Pittsburgh’s Community Technical Assistance Center to close

Apr 13, 2016

By: Diana Nelson Jones | Pittsburgh Post-Gazette | April 12, 2016 | Read the full article here

“Neighborhood Allies will take CTAC’s guiding principles forward in our efforts to build even stronger community development networks.”

-Presley Gillespie

After 36 years of providing technical help to neighborhood organizations, the Community Technical Assistance Center is closing.

At one time it was the only service to groups that had little capacity to rebuild their neighborhoods. Now numerous consultants and nonprofits provide a range of support, from Neighborhood Allies and The Design Center, to the Pittsburgh Community Reinvestment Group and several foundations.

“We determined the most responsible action was to dissolve CTAC so finite resources could be allocated to other intermediaries serving neighborhoods and communities for increased efficiencies,” said Stephanie Miller, chairwoman of the CTAC board of directors.

CTAC, which was based Downtown, concentrated its efforts on communities that were eligible for Community Development Block Grants, federal dollars allocated based on neighborhood income.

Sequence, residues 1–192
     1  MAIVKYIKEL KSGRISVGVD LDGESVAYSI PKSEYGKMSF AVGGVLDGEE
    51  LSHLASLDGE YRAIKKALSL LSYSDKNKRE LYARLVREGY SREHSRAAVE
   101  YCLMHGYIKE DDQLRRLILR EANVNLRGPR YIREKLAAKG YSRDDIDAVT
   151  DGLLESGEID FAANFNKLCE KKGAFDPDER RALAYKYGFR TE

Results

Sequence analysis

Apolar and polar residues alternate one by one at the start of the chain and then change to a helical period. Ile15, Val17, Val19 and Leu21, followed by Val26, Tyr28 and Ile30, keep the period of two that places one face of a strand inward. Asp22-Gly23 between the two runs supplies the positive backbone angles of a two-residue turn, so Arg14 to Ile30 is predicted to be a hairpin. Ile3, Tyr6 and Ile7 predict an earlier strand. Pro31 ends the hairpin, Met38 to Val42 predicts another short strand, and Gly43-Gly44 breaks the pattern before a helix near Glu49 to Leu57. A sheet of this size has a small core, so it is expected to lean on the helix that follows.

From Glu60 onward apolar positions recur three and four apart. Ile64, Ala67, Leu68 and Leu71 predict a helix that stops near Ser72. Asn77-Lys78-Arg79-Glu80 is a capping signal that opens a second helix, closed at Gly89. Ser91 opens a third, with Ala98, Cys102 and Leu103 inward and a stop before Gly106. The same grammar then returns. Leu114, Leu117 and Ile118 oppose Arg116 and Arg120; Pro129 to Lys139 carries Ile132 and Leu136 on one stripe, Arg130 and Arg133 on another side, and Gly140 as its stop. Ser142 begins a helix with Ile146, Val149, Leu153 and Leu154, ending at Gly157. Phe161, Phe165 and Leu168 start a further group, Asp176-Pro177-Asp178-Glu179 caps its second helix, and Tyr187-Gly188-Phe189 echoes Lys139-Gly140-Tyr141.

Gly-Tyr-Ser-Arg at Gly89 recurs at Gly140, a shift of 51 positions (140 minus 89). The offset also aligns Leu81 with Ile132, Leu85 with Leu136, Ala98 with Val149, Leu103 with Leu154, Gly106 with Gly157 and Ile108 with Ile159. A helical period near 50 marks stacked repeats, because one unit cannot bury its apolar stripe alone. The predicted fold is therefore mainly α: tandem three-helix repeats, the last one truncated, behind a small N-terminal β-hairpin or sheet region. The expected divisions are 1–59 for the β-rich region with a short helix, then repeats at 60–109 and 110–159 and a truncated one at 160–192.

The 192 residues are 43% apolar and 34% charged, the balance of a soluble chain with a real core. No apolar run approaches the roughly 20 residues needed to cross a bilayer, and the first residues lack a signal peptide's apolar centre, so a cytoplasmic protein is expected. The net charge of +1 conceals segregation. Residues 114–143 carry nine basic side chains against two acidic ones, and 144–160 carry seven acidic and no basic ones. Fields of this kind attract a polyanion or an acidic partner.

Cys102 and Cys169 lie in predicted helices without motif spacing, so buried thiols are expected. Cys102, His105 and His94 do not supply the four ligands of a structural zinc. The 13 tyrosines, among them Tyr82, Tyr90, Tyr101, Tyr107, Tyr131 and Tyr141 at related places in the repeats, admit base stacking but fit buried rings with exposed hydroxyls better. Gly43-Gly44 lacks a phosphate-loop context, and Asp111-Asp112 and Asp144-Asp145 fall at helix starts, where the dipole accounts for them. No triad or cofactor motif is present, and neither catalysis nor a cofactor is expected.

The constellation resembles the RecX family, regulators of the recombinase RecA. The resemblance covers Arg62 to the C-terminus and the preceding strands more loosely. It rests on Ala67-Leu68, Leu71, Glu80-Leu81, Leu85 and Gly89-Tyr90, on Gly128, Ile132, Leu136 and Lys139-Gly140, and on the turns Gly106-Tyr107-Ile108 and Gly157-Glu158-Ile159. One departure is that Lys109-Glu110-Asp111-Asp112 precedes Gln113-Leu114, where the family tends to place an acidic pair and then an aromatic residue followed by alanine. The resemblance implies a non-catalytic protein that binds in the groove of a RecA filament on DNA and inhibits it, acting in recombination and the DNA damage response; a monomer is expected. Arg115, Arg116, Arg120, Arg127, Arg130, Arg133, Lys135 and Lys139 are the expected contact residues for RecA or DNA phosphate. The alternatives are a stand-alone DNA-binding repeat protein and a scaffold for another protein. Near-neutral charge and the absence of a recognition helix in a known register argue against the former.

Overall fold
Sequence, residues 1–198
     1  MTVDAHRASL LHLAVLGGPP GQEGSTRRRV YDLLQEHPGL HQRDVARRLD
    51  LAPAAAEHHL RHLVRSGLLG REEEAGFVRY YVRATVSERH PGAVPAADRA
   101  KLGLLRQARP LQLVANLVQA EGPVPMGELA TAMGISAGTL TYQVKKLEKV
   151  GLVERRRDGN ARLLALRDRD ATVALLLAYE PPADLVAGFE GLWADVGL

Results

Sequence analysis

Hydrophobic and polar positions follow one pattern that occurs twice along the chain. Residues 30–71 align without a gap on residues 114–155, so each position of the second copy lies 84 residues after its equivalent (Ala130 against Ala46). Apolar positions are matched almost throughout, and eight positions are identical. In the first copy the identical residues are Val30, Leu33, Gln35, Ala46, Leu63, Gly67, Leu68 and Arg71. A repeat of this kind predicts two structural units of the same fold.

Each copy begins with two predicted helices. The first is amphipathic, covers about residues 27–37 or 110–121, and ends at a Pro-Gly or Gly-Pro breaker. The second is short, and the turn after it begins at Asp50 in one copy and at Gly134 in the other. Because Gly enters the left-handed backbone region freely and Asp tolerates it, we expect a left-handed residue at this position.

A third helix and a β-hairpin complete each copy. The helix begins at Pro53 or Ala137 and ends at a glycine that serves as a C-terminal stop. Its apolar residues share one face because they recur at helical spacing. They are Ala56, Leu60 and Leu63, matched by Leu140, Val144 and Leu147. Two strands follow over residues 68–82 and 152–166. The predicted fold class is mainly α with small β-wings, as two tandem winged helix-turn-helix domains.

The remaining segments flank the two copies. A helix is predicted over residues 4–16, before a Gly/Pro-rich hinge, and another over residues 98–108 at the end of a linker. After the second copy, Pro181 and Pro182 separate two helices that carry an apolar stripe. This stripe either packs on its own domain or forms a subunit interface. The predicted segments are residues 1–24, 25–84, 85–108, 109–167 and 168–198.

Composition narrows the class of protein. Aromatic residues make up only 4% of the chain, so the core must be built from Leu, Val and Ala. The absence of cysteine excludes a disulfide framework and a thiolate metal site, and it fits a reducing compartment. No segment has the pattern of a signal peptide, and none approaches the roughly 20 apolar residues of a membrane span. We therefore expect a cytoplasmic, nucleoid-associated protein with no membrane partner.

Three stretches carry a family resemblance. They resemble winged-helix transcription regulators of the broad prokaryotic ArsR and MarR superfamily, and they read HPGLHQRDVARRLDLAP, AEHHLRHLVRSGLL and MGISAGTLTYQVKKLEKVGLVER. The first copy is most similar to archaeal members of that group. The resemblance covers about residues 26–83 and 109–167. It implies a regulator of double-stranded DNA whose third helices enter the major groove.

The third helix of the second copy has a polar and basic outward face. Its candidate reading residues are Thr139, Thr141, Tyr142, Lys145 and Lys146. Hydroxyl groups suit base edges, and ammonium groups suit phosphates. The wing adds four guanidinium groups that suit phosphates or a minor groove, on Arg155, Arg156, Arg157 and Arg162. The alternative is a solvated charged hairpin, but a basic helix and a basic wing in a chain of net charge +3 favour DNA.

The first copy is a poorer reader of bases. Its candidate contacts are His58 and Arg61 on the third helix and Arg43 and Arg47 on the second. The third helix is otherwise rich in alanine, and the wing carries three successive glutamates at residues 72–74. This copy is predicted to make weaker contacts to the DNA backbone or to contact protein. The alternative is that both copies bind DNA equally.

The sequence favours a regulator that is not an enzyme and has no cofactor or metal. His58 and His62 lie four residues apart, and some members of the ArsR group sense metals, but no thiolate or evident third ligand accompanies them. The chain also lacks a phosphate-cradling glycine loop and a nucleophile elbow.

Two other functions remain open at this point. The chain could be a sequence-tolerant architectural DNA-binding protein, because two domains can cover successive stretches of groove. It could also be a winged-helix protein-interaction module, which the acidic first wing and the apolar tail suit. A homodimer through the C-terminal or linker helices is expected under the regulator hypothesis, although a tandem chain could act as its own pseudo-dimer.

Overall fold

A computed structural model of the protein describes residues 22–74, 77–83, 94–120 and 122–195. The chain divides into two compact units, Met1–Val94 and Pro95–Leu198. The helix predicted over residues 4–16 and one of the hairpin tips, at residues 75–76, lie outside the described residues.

Presley Gillespie, president of Neighborhood Allies, said his organization would take CTAC’s guiding principles forward in its efforts to build even stronger community development networks.

CTAC opened in 1980 and helped foster the growth of community development organizations citywide. In the early 1990s, it trained neighborhood groups on building strategies, managing finances and marketing themselves and their projects.

Today, most neighborhoods have some of that capacity within their own nonprofit community groups.

Among CTAC’s former executive directors are Dave Feehan, its first, who since has worked for Pittsburgh community groups as the owner of Civitas Consulting in Washington, D.C.

Mr. Feehan said he was asked to organize CTAC based on an organization he had run as a community advocate in Minneapolis.

“I give a lot of credit to David Bergholz, who was associate director of the Allegheny Conference. He asked me to organize CTAC under the auspices of the conference. And Moe Coleman, the first chairman of the board, steered the organization through some perilous political waters at the time.”

“It was a very difficult decision” to close, Ms. Miller said. “But we have some very thoughtful minds on our board and we feel we are being good citizens of CDBG dollars.”

Diana Nelson Jones: or 412-263-1626.

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